Affiliate marketing is built for profitability. It is performance based as the advertiser pays the affiliate a commission only once a sale has been made. So you are never paying for “potential sales” or impressions. One of the reasons CMO’s love the affiliate channel is because of this high return on investment (ROI.)
JEBCommerce wrote this guide so you can fully understand the costs and set proper expectations to ensure max profitability for your affiliate program.
What is the Difference between ROI and ROAS?
ROI (return on investment), is the calculation to determine how much you earned on a sale after the costs are subtracted.
You simply take your overall revenue and subtract any costs associated with the product to determine your overall ROI. This can be very helpful in determining if an affiliate partner is profitable as an advertiser and how much you make on a given sale or campaign.
ROAS (return on Ad spend) is another useful metric to track and, while it’s often used interchangeably with ROI, the two are completely different.
Whereas ROI gives us a final dollar amount left over after a given placement or period, ROAS returns that performance as a ratio.
ROAS can sometimes be more helpful than ROI when gauging the performance of an affiliate program because it gives us a consistent metric value to track across all types of campaigns. It can also be used to set benchmarks when tracking your affiliate program profitability.
For example: an $88 ROI may or may not be successful based on margins, forecasts, and when compared to similar partnerships. However, a ROAS of 8.3 gives us a metric we can compare to other partnerships and channels to accurately determine how successful the partnership was.
How to Calculate Affiliate Program ROI and ROAS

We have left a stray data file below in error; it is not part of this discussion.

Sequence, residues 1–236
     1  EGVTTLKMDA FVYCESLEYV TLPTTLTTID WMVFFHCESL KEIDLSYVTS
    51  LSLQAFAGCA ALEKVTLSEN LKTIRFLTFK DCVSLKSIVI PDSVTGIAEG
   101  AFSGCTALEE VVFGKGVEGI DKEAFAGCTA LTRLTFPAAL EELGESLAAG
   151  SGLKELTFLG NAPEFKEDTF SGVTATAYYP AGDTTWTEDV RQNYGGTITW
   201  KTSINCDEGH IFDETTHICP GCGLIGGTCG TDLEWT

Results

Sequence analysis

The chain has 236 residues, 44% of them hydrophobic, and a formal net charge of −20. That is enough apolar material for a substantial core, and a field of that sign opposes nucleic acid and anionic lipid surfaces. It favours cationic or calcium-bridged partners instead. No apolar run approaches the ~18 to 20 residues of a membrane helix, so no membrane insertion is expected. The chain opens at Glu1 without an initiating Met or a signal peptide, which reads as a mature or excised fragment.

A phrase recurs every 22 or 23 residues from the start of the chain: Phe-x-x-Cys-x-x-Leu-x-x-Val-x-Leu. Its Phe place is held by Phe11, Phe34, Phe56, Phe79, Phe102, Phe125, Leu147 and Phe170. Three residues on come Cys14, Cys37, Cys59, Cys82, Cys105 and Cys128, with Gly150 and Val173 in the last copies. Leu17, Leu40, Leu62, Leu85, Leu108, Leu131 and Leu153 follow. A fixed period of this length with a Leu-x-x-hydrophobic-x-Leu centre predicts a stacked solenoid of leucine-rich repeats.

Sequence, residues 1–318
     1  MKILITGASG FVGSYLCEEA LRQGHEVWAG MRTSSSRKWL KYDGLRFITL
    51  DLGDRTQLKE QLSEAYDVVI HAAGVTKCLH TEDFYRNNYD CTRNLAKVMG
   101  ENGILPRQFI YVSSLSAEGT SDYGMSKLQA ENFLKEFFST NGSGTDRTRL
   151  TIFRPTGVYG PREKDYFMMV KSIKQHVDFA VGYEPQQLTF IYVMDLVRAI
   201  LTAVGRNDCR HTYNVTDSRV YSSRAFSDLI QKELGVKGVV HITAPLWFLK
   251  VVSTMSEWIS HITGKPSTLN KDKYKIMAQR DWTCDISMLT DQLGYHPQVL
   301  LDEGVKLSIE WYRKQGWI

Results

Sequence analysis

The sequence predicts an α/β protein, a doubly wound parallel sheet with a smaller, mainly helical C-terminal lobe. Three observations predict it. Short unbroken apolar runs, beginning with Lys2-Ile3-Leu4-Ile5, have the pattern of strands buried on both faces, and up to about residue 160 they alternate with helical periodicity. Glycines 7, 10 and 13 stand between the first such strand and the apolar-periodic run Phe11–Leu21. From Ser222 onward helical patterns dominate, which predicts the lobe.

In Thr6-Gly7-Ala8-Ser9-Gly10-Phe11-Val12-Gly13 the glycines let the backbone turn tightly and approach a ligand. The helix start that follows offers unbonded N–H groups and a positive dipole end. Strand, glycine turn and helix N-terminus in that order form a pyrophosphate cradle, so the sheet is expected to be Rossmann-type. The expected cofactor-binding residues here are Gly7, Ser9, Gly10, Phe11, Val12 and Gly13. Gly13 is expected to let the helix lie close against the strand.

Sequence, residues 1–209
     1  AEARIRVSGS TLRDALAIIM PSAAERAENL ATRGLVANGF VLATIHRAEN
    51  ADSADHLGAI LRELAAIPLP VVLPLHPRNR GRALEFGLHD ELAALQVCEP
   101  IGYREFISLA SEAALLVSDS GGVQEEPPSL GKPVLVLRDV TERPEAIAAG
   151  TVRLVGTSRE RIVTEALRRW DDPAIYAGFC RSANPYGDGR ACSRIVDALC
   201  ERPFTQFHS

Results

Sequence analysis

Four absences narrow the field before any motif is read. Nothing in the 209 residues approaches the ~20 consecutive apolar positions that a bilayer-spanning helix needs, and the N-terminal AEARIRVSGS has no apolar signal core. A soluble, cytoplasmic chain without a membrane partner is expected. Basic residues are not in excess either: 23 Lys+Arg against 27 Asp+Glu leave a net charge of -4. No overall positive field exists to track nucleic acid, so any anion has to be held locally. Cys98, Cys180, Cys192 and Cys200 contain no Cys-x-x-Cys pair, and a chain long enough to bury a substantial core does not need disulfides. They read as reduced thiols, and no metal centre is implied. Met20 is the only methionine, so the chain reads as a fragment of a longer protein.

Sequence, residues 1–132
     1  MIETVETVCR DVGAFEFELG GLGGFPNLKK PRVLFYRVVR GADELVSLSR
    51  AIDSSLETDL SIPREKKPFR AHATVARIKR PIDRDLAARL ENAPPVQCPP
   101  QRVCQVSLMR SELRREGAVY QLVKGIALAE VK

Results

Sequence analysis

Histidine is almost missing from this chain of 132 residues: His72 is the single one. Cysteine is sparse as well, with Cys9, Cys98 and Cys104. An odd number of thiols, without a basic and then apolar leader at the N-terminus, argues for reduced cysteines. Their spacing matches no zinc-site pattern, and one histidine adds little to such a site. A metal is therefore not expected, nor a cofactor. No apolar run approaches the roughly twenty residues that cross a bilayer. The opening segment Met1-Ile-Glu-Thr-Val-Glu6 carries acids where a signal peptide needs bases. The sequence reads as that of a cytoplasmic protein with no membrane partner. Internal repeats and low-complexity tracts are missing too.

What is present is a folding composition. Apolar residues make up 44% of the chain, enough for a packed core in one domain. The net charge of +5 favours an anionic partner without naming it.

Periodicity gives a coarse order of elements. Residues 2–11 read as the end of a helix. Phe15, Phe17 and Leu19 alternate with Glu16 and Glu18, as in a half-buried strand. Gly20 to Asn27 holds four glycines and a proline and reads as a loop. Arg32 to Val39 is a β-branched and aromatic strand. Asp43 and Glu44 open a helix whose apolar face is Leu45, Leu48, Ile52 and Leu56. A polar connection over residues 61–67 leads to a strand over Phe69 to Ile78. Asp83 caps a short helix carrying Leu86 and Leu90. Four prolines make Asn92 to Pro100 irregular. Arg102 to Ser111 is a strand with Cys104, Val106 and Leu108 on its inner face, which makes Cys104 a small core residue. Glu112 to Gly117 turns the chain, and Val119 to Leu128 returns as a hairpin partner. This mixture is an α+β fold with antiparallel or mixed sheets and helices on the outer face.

In affiliate marketing, an ROI calculation would look something like this: I sell my product for $100. I pay my affiliates a 10% commission, and there’s a 2% network fee on the sale as well. My formula is ($100 – $10 – $2)/$12 = $7.3 final ROI
To determine ROAS using the above situation, simply divide revenue by total costs. I.e. $100/$12 = 8.3 final ROAS.
Why Calculate Affiliate Program ROI
The unique opportunity an affiliate program provides is the chance for an advertiser to set their own ROI & ROAS. Since they set the price of their products as well as the commissions up front (what they’re willing to pay affiliates for each sale), they know what they’re going to make and what their costs are going to be on every sale. This allows them to manage their affiliate program profitably from the very first day. You just use your current revenue and ROI goals to back into a commission structure that will be profitable for you. This will become more important as the program grows and you start testing different commission structures.
Why Calculate Affiliate Program ROI
The unique opportunity an affiliate program provides is the chance for an advertiser to set their own ROI & ROAS.
Since the merchant sets the price of products as well as affiliate commissions up front (what they’re willing to pay affiliates for each sale), they know what they’re going to make and what their costs are going to be on every sale.
This allows CMOs to manage the affiliate program profitably from the very first day. You just use your current revenue and ROI goals to back into a commission structure that will be profitable for you. This will become more important as the program grows and you start testing different commission structures.
What is a Good Affiliate Program ROI?
The easy answer is a good ROI & ROAS for an affiliate program is one that is profitable for the advertiser.
That is going to look differently for each brand based on margins and profit goals. The important thing is to know all your pricing and costs upfront and factor those into setting up and negotiating commission rates.